In the rail world today, Wabtec is viewed as the company that bought General Electric’s locomotive production. This is the simple version of the story. When we trace Wabtec to its roots, we find that, as many of us know, the company is also known for an invention that revolutionized railroad safety — the airbrake. While this broadens the Wabtec view, it by no means paints a complete picture. It’s time to dig deeper. Here are five mind-blowing facts about Wabtec.
No. 1: Meet George Westinghouse
Westinghouse, the man by the numbers, is an image of brilliance and achievement. Although his formal collegiate education lasted all of three months in 1865, Westinghouse was granted 361 patents. His last patent was awarded in 1918, four years following his death. His college departure may have been caused by the presentation of his first patent on October 31, 1865, for a rotary steam engine. It was shortly after this that Westinghouse ended his formal education.
By 1900, his company was worth approximately $120 million (4.3 billion in 2023) and employed nearly 50,000 workers. Only four years later, Westinghouse had expanded to nine manufacturing concerns in the U.S., one in Canada, and five in Europe. During his life, Westinghouse started and directed more than 60 companies to manufacture and market his inventions and those of others, which he controlled.
The Westinghouse trajectory soon turned to a sharp decline. During financial panic of 1907, Westinghouse lost control of his empire. By 1911 he had cut ties with all of his former organizations.
No. 2: Part is parts
Westinghouse is not a name mentioned among the big locomotive builders — either steam, diesel, or electric. Until the acquisition of General Electric’s locomotive business, the Westinghouse locomotive role was supplying parts and systems for a body and mechanical gear built in partnership with another manufacturer. Baldwin-Westinghouse was a popular combination. Westinghouse is credited as the major partner in production of 298 electrics and 29 diesels.
The parts contribution is, however, significant. Everything from pantographs to traction motors came from Westinghouse. In fact, Westinghouse helped develop some of the electrical systems their locomotives ran under. The company experimented with its own diesel engine but was not successful. The final chapter in Westinghouse locomotive development was a gas-turbine unit nicknamed the “Blue Goose.” Rated at 4,000 hp and geared for 100 mph, the Westinghouse targeted the post-World War II passenger train market with its turbine. There were no orders, the program war ended, and the test unit cut up for scrap.
No. 3: Buying up good ideas
George Westinghouse was a brilliant inventor. He was also a shrewd businessman. When he saw a company with ideas that would complement his own or could be used to manufacture one of his inventions, especially in foreign markets, he bought them out. This spirit continued in the company after Westinghouse died in 1914. Example:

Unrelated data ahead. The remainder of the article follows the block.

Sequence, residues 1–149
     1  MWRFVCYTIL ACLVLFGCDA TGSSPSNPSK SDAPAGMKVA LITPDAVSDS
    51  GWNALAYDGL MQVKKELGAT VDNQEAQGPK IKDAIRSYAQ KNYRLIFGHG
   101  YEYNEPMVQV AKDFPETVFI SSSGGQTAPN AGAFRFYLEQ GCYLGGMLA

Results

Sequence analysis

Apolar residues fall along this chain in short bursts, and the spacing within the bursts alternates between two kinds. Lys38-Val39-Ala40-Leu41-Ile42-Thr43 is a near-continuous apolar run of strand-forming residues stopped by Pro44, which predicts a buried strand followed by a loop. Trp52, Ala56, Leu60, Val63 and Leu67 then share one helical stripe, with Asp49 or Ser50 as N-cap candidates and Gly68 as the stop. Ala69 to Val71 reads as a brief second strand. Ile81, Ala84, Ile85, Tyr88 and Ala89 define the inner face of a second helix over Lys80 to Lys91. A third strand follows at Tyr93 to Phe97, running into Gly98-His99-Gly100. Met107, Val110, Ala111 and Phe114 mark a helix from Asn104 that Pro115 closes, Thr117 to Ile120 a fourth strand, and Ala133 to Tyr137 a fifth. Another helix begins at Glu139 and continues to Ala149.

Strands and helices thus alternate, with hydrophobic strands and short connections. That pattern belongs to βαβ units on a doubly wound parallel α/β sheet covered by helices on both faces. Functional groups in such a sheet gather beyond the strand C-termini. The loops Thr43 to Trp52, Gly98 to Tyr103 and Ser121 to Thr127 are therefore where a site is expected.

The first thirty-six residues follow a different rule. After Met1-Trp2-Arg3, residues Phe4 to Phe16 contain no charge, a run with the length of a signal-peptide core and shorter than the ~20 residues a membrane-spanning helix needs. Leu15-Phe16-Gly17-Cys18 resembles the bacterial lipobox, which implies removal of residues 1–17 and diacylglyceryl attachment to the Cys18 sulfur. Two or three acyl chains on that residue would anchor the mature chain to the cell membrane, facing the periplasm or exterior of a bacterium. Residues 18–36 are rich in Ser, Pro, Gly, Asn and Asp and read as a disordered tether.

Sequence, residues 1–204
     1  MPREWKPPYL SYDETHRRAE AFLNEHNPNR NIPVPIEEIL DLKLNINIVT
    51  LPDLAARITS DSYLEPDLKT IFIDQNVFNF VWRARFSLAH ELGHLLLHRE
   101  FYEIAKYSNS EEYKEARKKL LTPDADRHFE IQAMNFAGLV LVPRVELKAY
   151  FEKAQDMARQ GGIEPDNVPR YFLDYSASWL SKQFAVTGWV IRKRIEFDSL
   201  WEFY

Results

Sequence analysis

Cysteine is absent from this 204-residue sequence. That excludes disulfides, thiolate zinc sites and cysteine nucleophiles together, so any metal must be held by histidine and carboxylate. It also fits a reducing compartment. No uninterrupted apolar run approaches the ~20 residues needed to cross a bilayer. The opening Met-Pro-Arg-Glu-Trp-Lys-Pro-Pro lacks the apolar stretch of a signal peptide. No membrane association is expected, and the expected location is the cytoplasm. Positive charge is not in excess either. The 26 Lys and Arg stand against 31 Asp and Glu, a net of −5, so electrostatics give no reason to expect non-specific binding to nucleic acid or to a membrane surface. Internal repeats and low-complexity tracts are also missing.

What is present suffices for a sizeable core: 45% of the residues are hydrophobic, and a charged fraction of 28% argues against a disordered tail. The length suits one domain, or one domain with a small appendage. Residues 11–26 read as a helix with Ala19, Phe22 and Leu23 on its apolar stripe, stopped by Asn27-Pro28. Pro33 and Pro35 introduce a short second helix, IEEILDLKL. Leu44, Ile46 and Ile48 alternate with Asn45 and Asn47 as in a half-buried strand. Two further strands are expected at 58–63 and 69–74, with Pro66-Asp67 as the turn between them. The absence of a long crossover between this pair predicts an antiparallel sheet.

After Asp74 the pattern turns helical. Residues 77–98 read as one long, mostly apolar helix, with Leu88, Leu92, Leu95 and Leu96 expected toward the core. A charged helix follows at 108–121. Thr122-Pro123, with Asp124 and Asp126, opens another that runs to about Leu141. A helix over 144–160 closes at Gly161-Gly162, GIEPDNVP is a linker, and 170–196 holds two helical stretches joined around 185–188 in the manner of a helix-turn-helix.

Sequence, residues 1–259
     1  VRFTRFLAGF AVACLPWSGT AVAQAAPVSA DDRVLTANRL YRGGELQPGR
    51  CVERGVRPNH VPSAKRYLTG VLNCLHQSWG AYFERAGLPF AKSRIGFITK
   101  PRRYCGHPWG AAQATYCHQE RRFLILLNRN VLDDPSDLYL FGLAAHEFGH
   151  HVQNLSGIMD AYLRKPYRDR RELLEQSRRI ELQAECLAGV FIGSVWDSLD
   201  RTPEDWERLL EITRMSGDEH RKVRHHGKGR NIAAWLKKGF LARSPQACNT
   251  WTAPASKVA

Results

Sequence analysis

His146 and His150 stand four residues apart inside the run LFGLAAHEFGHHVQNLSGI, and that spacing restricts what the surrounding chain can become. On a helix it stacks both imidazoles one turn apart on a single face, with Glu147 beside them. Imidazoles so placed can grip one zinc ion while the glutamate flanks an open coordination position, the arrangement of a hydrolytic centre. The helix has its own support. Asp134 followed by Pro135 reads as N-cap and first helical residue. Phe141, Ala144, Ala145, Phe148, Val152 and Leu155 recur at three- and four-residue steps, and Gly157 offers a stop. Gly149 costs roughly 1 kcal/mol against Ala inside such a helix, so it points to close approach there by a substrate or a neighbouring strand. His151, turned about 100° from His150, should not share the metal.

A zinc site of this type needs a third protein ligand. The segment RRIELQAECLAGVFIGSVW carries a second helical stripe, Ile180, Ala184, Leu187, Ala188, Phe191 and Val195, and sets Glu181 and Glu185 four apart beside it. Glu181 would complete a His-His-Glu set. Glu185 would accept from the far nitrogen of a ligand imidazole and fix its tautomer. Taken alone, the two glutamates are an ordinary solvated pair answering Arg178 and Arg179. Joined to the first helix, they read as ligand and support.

French inventor Louis Faiveley founded the Établissements Louis Faiveley, in 1919. His small shop built various electromechanical parts for railroad use. Shortly, it became one of the French railway system’s leading suppliers. Then in 1923, Faiveley introduced its first pantograph. Between 1930 and 1946, the company added electric train door systems, electric heating systems and a number of other innovations to its catalog. In 1955, the Faiveley company introduced the first single-arm pantograph system, variations of which can now be seen around the world on all forms of electric rail vehicles.
Like Westinghouse or Wabtec, before the GE purchase, Faiveley did not built the locomotives but supplied significant parts. As a result, in 2016, Wabtec purchased a controlling interest in the company, adding to its century-old pool of railroad technology.
No. 4: We don’t just do railroads — Wabco earthmovers
Visit the Wabtec website (wabteccorp.com). Look right on the menu choices until you find “mining.” Click it and you will see the types of electrical and electronic technology Wabtec offers to the contemporary mining industry. They don’t make the big haul trucks, loaders, or drills, but they provide solutions to make them go and go better. There was, however, a time when then-Wabco did manufacture huge mine hauling trucks, along with earth scrappers, rubber-tired bulldozers, front-end loaders, and graders.
On May 1, 1953, Wabco bought the earthmoving machine business of the R.G. LeTourneau Co. The idea was to diversify beyond rail products in an attempt to capture business in the road-building boom and coming Interstate System construction, as well as, providing large-capacity haul trucks for mine work.
There is a railroad twist to this earthmoving story. In 1965 Wabco introduced the off-road, 105-ton, 120A model powered by a 930 hp V-12 Fairbanks Morse engine. Then in 1971, wanting more horsepower for a 200-ton truck, Wabco turned to General Motors for its 16-cyclinder 645 engine, variations of which could be found in EMD locomotives of the time. Also, in the 1970s Wabco fielded the model 170C dump truck to haul 100 tons of material. The electric drive system for this rig was provided by General Electric. Talk about sharing technology.
No. 5: Circles
Albeit in a most simplistic gesture, the contemporary Wabtec pays homage to its roots through its logo. The concentric red semi-circle that comprise its corporate symbol represent the axial view of a mechanical brake valve, in which the various air ports align between stator and rotor depending on how the brake handle is positioned.